Eugene Wigner (1902-1995) was a Hungarian-American theoretical physicist and mathematician and 1963 Nobel Prize winner in Physics.
Wigner played a key role in the early stages of the Manhattan Project. He, Leo Szilard, and Edward Teller collaborated with Albert Einstein on the 1939 Einstein-Szilard letter to President Roosevelt. During the Manhattan Project, Wigner led a group responsible for the design of the production nuclear reactors that would convert uranium into weapons grade plutonium. He was present when Chicago Pile One went critical December 2, 1942. Wigner continued working at the Met Lab in Chicago through 1945.
Wigner was born in Budapest, Hungary to middle class Jewish parents. Wigner developed an interest in science and math at a young age, and he enrolled at the Technische Hochschule in Berlin in 1921 to study chemical engineering. He worked with the Kaiser Wilhelm Institute beginning in 1927, working on x-ray crystallography. In the late 1930s, Wigner extended his research into atomic nuclei. He gained a greater interest in physics and was invited to be a visiting professor at Princeton for five years.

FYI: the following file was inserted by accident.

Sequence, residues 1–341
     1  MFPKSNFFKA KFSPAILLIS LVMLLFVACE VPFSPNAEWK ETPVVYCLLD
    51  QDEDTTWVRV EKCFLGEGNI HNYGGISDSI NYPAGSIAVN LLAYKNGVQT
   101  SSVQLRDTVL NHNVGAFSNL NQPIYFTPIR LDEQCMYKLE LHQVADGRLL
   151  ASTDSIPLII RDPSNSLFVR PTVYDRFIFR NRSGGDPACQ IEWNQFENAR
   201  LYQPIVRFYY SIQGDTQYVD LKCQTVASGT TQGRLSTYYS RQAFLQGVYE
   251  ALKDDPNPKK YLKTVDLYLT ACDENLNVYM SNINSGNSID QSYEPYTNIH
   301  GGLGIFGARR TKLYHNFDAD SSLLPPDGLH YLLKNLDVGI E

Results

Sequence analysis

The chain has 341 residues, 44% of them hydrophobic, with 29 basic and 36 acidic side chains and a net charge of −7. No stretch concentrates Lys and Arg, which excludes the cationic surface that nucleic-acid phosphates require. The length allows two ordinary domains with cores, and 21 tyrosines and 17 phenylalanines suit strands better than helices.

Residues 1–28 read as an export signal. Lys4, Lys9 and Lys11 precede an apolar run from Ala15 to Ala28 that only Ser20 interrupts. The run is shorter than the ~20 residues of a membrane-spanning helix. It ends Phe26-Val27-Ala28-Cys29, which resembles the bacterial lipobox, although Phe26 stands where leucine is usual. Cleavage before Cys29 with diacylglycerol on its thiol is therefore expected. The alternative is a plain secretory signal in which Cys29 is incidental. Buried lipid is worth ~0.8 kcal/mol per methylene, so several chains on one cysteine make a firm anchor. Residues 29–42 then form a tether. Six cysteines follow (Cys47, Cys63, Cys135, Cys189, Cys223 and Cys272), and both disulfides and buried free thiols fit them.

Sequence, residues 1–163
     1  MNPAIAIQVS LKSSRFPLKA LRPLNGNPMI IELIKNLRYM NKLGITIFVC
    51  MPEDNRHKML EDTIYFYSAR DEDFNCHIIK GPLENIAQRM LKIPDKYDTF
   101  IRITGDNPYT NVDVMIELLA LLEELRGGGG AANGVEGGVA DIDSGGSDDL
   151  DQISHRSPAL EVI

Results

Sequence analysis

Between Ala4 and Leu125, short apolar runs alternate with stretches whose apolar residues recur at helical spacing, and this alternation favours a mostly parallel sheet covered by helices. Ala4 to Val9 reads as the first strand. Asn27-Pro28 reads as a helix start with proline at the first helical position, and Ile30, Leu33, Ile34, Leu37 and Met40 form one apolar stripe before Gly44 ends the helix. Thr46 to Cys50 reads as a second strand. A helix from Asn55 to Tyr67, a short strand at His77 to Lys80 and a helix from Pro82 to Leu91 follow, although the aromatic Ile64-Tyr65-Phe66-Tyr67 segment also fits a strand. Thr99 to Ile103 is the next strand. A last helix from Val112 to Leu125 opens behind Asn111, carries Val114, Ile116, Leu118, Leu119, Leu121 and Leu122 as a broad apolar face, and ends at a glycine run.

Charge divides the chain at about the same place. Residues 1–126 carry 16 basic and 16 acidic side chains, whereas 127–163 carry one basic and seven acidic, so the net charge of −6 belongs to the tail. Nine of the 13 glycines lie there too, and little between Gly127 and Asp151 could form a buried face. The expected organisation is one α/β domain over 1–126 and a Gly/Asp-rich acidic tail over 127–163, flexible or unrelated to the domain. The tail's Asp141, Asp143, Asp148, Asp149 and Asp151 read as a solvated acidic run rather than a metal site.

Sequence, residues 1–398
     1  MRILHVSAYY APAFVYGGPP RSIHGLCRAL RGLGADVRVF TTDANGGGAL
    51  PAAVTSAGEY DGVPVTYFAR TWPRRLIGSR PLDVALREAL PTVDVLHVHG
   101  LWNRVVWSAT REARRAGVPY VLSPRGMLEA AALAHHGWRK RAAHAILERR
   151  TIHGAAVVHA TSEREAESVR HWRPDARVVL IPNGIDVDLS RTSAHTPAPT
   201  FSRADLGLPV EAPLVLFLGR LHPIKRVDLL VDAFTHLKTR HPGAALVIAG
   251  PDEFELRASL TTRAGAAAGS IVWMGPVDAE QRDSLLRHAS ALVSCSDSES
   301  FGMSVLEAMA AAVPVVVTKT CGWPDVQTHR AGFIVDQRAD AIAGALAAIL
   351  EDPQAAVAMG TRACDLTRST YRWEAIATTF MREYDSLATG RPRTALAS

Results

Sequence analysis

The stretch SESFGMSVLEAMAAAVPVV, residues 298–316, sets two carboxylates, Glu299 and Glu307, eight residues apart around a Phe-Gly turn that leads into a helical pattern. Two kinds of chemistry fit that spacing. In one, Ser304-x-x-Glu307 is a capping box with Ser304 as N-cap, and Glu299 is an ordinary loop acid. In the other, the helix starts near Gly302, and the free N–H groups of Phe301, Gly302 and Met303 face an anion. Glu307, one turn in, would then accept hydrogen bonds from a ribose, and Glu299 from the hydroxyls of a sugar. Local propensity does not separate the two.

In 1946, Wigner became Director of Research and Development at Clinton Laboratories in Oak Ridge. He later returned to Princeton and served on many government bodies over the next two decades, contributing to science, research, and civil defense. In 1963, Wigner won the Nobel Prize in Physics “for his contributions to the theory of the atomic nucleus and the elementary particles, particularly through the discovery and application of fundamental symmetry principles.”